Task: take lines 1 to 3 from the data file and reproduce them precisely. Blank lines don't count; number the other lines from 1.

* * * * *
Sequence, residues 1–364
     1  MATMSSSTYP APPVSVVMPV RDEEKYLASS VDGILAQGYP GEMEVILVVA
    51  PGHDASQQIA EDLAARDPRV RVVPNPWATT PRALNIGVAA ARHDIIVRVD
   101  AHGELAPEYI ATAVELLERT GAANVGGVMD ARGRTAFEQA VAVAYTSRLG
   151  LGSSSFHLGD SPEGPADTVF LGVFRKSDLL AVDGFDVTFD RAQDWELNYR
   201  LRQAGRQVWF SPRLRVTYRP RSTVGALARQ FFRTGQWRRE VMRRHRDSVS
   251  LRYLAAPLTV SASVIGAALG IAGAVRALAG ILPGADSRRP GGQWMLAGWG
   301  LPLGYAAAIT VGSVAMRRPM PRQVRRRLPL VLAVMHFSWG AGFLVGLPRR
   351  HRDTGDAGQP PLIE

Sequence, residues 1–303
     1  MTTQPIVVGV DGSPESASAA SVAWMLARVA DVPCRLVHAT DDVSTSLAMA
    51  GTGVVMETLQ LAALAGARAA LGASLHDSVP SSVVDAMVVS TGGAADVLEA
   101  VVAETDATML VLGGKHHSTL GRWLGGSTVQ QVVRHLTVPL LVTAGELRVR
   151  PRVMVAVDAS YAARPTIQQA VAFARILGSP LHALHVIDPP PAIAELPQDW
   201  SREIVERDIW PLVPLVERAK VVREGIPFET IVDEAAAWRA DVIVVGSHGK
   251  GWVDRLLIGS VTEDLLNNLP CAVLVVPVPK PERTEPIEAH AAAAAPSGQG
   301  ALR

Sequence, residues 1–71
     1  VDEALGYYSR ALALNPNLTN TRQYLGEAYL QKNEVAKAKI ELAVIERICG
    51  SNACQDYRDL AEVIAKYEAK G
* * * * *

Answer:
Sequence, residues 1–364
     1  MATMSSSTYP APPVSVVMPV RDEEKYLASS VDGILAQGYP GEMEVILVVA
    51  PGHDASQQIA EDLAARDPRV RVVPNPWATT PRALNIGVAA ARHDIIVRVD